Seeds With Deep Roots: Heirloom seeds keep alive memories of people and place

illustration by Kirsten Harper

by William Woys Weavers

As far back as I can remember, I have always been surrounded by seeds. During my preschool years, I farmed with my grandparents, and it was my Grandfather Weaver, with his acre or so kitchen garden in West Chester, who raised me at his knee.

My grandfather ran an accounting business, but his heart was in plants. He started collecting seeds in the early 1930s from relatives in Lancaster County where he was born. Before long, his entire property had become a botanical showplace, with fruit trees, bee hives, a pigeon house for racing pigeons (which provided manure for the gardens) and all sorts of wonderful things no one sees today, like Pineapple Rhubarb with yellow stems.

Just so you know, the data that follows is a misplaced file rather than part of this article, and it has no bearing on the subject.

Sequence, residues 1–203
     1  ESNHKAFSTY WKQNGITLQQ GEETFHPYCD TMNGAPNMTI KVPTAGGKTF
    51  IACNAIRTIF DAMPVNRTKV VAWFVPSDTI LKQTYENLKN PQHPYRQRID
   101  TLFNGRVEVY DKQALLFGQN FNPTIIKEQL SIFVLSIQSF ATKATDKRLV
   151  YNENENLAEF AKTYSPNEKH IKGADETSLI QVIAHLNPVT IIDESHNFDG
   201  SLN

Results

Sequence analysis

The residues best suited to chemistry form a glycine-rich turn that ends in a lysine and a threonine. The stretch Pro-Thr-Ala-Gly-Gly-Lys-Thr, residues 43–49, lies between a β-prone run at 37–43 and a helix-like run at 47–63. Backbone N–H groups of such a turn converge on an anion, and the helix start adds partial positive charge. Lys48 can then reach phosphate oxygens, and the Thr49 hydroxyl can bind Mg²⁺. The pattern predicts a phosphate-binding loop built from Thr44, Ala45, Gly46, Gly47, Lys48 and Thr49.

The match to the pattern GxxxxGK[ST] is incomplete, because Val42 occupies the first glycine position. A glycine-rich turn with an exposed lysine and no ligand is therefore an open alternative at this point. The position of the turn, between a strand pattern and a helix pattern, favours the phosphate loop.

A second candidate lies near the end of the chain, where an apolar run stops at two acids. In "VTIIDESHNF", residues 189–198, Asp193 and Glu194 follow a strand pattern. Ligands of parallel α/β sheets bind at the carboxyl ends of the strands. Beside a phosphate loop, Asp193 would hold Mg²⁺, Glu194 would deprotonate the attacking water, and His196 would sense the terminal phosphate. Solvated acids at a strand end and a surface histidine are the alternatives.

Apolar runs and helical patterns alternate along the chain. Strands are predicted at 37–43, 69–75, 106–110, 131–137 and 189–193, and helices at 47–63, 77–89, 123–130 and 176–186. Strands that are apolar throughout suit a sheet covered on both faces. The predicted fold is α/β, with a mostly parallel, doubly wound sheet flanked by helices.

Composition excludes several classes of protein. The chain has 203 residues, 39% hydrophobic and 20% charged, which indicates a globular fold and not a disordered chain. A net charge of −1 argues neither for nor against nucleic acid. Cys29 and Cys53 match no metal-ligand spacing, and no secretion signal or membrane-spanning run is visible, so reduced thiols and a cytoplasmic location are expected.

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Happy Cat Organics

A local seed company quietly amasses a tomato treasure trove

Hearing Happy Cat Organics’ Tim Mountz talk about tomatoes is enough to make any food-loving soul long for summer. Along with his wife Amy Bloom, Mountz has compiled a seed collection featuring 200 varieties of heirloom tomatoes. If that sounds like a lot, have no fear: Mountz promises to cap the operation at 250.
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